In a dramatic finale to this year’s Mitsubishi Motors Badminton Horse Trials, Piggy French wrested the sport’s most coveted title from the grasp of long-time favourite Oliver Townend in dramatic style.
In the pressure cauldron of Badminton’s main arena, Piggy, so often the bridesmaid at the highest level and lying second overnight on Vanir Kamira, jumped a superb clear aboard Trevor Dickens’ mare to turn the tables on the overnight leader when he used up his quota of lives.
Oliver, the winner in 2009 on Flint Curtis, could afford one rail down and three time penalties with Ballaghmor Class, but when a late rail fell and the clock stopped four seconds over the optimum, the 2009 winner was left shaking his head in disbelief as he realised his chances had been dashed.
This was Piggy’s 25th attempt at winning an event at the highest (five star) level and she was visibly emotional as she realised she had finally laid claim to a crown of her own.
“I’m still numb and find it hard to communicate in words what I’m feeling,” she admitted. “I’ve got so used to congratulating everyone else that I can’t quite believe it. And to be fair to Oliver – he’s very hard to get in front of.”
Asked whether she had dreamt of this moment, Piggy said: “When I woke up this morning I thought I might have a chance, but when I walked the course I thought I’d have no chance. I thought it was one of the most difficult showjumping tracks I’ve ridden and although Vanir Kamira is a real trier she’s not naturally talented in this phase. She’s better on a twisty course rather than having to deal with too many related distances.”
Oliver, who also finished sixth with Cillnabradden Evo, was gracious in defeat.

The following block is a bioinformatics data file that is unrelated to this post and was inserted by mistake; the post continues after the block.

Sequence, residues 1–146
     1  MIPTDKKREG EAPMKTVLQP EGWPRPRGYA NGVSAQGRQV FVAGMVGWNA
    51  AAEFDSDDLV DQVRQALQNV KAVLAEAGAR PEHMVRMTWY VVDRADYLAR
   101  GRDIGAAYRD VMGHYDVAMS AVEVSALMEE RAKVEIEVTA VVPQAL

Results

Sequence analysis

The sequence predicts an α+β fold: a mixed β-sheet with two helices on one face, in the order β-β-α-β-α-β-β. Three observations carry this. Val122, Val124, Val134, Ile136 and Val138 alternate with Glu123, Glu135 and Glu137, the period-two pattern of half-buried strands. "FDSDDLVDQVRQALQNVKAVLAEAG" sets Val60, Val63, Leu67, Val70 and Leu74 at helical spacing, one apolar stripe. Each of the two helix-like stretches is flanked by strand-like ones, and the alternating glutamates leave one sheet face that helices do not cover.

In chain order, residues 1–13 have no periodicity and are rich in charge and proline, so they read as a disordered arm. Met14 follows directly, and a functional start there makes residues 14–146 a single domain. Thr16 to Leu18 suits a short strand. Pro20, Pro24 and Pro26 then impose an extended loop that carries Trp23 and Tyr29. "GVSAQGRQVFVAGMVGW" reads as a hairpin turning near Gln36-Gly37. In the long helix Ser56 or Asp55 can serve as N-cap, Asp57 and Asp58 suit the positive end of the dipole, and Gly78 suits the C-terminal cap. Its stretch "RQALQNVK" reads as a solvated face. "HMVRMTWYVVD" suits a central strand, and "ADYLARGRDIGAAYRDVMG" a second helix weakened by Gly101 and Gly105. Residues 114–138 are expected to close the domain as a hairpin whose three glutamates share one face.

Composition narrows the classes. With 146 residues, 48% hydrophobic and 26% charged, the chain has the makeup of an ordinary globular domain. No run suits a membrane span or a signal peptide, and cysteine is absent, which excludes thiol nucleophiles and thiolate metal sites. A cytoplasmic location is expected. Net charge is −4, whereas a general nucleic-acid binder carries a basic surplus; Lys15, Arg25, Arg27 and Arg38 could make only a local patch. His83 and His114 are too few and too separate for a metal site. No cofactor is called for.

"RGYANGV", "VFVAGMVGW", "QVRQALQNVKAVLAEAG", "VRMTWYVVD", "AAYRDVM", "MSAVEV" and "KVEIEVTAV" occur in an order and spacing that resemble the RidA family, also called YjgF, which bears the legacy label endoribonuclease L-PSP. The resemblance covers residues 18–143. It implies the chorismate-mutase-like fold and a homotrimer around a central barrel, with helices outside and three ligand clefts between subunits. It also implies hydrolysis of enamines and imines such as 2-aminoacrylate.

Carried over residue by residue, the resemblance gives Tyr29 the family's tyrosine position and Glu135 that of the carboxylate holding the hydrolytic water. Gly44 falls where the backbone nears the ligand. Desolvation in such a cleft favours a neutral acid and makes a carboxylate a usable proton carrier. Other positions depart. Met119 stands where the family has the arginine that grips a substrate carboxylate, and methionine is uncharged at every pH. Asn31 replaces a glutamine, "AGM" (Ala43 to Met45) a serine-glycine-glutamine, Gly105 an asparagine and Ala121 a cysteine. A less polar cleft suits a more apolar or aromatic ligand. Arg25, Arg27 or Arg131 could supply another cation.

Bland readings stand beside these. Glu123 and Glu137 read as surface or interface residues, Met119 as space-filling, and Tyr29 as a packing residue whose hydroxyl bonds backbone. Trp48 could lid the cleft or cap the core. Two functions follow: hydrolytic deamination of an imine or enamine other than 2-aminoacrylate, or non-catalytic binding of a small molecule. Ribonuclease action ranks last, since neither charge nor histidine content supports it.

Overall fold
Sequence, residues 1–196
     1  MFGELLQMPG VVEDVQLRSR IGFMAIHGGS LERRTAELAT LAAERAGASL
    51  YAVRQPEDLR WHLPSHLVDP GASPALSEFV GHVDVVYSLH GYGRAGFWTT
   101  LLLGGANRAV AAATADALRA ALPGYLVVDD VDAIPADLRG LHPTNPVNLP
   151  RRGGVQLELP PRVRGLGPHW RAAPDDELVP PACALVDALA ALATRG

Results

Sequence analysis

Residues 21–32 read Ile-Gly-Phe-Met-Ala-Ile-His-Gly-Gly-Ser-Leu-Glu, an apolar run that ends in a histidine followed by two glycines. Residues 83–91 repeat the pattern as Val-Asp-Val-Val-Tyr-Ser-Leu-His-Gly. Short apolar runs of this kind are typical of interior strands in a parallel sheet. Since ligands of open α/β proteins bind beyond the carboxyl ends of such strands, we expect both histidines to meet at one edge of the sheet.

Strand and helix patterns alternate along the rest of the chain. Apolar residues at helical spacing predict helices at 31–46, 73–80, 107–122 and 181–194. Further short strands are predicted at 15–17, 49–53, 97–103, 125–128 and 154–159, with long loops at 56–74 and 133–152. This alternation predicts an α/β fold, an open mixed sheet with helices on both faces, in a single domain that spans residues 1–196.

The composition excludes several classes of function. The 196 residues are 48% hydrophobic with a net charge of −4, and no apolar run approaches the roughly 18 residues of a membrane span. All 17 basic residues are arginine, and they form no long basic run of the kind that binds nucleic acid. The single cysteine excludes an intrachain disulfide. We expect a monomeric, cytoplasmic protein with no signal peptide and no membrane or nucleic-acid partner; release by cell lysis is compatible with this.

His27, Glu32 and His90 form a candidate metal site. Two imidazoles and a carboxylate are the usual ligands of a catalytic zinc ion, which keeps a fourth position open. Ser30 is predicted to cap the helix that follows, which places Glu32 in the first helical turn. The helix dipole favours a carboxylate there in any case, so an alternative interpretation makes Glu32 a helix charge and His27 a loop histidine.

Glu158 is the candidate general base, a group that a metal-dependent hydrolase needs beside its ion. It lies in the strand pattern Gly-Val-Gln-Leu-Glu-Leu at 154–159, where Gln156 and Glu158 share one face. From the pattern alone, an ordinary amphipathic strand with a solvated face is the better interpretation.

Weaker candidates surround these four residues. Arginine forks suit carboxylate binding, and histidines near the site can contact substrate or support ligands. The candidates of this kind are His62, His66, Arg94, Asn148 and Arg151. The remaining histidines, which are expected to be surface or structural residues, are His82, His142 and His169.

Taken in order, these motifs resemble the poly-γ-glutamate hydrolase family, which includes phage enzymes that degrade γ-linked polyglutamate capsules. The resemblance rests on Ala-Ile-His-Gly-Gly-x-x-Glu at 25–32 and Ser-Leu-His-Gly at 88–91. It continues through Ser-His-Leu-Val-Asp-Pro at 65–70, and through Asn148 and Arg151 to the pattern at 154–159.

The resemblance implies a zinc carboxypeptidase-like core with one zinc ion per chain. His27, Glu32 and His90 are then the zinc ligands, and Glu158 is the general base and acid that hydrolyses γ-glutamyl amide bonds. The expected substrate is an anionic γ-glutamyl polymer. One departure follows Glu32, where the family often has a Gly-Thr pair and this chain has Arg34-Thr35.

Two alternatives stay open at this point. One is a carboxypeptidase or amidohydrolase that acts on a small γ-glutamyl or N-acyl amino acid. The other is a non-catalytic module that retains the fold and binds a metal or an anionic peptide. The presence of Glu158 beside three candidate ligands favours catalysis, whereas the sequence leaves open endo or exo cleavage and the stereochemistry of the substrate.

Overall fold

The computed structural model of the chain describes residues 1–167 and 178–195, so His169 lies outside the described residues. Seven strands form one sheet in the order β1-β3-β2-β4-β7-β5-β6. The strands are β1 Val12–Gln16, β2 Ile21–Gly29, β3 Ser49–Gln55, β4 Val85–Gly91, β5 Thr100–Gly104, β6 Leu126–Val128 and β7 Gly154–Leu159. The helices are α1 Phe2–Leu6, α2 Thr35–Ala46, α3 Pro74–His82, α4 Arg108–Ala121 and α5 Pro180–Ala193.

“First of all I’d like to congratulate Piggy,” he said afterwards. “It’s an unbelievable achievement, especially on a horse she wouldn’t necessarily have expected it on.”
Of his round, he added: “When he [Ballaghmor Class] hung towards the gate I had to chase him over the planks and that meant I had to strangle him a bit to the double and again to the next upright, which he had down. I ended up adding two more strides overall than I would have liked and that cost me time and, ultimately, the title.”
Australia’s Christopher Burton finished third with Joe and Kate Walls’ Cooley Lands. The gelding had been lying in fifth place going into the final phase behind his stablemate, Graf Liberty, but when the latter slid into the water tray and then clocked up two penalties, Cooley Lands hopped up the order.
“Cooley Lands is a real trier and I’ve always loved him,” said Christopher. “I’ve never had much luck at Badminton before, so I’m rather stoked with the way this week has gone. I kept telling myself in the lead-up that it was ‘just another event’, but as soon as you arrive here you realise that it really does matter as it’s the biggest event in the world.”
Andrew Nicholson and Swallow Springs lowered two poles to drop from fourth to fifth.
“He just went a bit green and showed his inexperience,” said Andrew.
Tina Cook (Billy The Red) and Imogen Murray (Ivar Gooden) both jumped immaculate clear rounds to finish seventh and eighth, while William Fox-Pitt (Little Fire) and Tim Price (Ringwood Sky Boy) rounded off the top 10.
Rob Lindley, Managing Director of Mitsubishi Motors in the UK, summed up the day: “Congratulations to Piggy French and her equine partner, the amazing Vanir Kamira. Witnessing them show jump in the beautiful Badminton arena is an incredible experience with the crowd willing the horse over every jump.
“Moments like these will stay in our memories for a very long time as Mitsubishi Motors in the UK sponsorship comes to an end. Thank you to the organisers, competitors and everyone who has been part of this wonderful event as we bow out of what has been a rewarding partnership, and not least wonderful, loyal customers we have met here and have made the past 28 years so rewarding for us.”